These predestination theologies became part of the propaganda used to keep the progressives in check. In this push and pull between progressives and traditionalists, the fundamentalist religious conservatives dug in their heels. One of the arrows in their quiver was the “God of will.” This, to them, represented a God who determined, governed, and commanded absolutely everything. Accordingly, nothing happened unless God ordained it. He was “in control.” He foresaw everything and whatever he foresaw, he also “foreordained.”

On the opposite spectrum were the “liberals” who were more comfortable with a “God of love.” However, even their “God of love” was interpreted through the lens of the predestination theologies of the Dutch Reformed Church. Weirdly, the theocracy enforced by the Dutch Reformed Church in the apartheid era South Africa reminds me of the 1992 American classic movie, “A River Runs Through It.” This movie follows two sons of a Presbyterian minister, one studious and the other rebellious, as they grow up and come of age in the Rocky Mountain region. The two boys learned a love for fly fishing from their dad but were home-schooled under the strict moral and academic code of their father.

In the South African version of, “A River Runs Through It,” I am the son of a Nazarene minister, raised under the strict moral codes of Nazarene special rules. These rules tried to insulate me from reality. It was a dream world created where I couldn’t dance, drink, smoke, or go to movies. The pressure on me and my siblings was to conform and look good so that my dad could keep his job. On Sundays, I listened as my dad passionately preached on the “God of Love.” The Great Commandment in Matthew 22 was one of his favorite texts. In my mind’s eye, I can still hear his thunderous proclamation: “Thou shalt love the Lord your God, with all your heart and with all your soul and with all your mind… and thou shalt love thy neighbor as thyself.” [KJV, Matt 22:37]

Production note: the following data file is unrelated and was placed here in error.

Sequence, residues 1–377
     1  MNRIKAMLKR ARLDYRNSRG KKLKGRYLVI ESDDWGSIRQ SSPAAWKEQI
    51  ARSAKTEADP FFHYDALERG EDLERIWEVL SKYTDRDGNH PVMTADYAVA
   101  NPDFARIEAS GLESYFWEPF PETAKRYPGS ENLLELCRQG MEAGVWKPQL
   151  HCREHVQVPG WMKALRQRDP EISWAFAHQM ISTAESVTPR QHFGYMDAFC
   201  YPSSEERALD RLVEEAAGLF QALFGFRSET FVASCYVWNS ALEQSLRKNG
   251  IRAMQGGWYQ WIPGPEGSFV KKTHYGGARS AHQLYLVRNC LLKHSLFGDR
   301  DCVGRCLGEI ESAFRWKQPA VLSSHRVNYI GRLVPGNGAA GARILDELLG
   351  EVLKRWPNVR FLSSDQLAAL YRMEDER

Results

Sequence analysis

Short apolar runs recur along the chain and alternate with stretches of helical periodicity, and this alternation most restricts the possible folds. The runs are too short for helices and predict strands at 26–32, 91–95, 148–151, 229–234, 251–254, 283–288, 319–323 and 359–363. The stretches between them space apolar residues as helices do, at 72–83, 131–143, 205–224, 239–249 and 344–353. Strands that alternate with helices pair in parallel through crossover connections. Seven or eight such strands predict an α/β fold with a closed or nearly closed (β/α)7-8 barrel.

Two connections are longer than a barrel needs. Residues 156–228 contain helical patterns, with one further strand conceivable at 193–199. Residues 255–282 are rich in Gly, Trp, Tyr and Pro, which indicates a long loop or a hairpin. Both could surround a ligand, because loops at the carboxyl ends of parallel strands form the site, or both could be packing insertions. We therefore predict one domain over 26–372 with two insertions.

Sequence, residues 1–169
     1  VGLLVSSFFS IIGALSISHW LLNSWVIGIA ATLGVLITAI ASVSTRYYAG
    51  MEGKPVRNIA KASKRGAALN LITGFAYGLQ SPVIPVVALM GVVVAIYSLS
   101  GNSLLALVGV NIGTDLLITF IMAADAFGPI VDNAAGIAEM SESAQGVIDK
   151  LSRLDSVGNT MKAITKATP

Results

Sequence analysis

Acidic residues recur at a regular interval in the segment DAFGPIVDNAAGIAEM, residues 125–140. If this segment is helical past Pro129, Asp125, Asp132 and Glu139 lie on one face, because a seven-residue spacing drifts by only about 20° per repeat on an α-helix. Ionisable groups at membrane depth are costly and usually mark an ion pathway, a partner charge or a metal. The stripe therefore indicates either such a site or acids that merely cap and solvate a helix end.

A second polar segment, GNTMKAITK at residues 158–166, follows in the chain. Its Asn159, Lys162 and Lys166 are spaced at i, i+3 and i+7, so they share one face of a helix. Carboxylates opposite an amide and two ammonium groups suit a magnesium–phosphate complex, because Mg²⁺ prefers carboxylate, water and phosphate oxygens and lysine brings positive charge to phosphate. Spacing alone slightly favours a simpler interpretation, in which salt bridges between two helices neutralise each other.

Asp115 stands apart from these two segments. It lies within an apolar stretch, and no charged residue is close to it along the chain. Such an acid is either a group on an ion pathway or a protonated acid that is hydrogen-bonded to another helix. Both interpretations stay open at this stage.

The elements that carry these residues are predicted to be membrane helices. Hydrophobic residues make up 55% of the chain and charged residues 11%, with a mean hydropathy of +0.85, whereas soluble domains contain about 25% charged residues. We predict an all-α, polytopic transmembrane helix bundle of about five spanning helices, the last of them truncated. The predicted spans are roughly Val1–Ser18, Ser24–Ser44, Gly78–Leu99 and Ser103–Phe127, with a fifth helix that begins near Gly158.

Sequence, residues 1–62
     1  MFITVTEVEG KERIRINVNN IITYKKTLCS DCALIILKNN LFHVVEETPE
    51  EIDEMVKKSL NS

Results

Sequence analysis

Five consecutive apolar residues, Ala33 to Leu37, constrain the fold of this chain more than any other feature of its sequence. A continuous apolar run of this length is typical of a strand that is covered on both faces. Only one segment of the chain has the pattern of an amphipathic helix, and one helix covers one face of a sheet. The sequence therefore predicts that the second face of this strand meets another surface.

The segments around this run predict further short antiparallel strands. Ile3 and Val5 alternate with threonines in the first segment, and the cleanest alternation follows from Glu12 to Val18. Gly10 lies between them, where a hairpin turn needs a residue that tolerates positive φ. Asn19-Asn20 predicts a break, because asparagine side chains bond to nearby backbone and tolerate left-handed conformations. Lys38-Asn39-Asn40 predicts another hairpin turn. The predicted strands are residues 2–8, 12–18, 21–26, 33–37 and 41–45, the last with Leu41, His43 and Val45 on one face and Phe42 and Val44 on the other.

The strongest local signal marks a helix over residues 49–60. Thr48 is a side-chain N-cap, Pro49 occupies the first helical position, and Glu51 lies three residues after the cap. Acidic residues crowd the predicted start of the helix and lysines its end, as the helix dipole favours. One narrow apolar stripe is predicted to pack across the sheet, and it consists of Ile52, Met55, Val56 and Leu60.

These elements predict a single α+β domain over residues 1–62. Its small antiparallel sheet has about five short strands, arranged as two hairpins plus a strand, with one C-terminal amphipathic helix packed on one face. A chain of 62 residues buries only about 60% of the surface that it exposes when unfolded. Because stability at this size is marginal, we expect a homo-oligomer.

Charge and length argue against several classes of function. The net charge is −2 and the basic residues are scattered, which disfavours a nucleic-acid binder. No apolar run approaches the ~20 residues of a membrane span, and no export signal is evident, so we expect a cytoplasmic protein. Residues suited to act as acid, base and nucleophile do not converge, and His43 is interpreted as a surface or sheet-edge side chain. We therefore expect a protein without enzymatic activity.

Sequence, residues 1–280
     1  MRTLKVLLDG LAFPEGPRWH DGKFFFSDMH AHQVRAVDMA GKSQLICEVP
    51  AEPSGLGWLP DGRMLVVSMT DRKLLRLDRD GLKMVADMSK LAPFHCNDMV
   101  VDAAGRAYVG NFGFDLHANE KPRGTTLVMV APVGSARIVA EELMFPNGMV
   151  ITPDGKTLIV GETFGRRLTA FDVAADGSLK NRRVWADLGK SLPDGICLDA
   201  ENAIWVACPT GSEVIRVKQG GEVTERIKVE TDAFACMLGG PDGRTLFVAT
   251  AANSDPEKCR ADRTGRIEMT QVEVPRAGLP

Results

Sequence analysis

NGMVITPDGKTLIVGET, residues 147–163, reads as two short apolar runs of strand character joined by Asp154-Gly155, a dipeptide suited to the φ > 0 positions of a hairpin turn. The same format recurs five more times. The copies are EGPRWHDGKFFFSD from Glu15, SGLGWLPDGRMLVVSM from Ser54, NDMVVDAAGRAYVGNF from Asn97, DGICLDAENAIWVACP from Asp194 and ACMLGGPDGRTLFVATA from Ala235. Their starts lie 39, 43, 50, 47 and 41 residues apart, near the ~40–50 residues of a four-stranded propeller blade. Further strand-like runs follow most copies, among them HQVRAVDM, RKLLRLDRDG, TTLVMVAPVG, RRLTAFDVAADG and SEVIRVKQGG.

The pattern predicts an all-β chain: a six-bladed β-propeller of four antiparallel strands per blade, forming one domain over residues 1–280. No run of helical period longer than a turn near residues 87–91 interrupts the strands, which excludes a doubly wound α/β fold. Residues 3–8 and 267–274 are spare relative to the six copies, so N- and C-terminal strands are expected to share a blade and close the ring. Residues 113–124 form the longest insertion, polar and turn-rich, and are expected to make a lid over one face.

What was sad was that no one questioned

if real love could be a response

if love was commanded.

The emotional process of my life as an Afrikaner in an apartheid society, inside a Nazarene subculture, with yet another layer added as a pastor’s kid, brought many social expectations about race, ethnicity, gender, and sexual orientation. Much of it was conditional love saturated with prejudice. As the second-born, I had a restless spirit; constantly fluctuating between head and heart. These polarities were most evident as I had trouble integrating the two streams of information at the two different levels. The sociological experiment of apartheid and propositional Christianity created polarizing extremes which made it hard for me to integrate the middle and make sense of my world. The polarities were most evident as the explicit and implicit rules of our parsonage family did not always line up. Emotions were spiritualized and encouraged in the context of worship, but at home, the emphasis was on correct thinking and correct doctrine.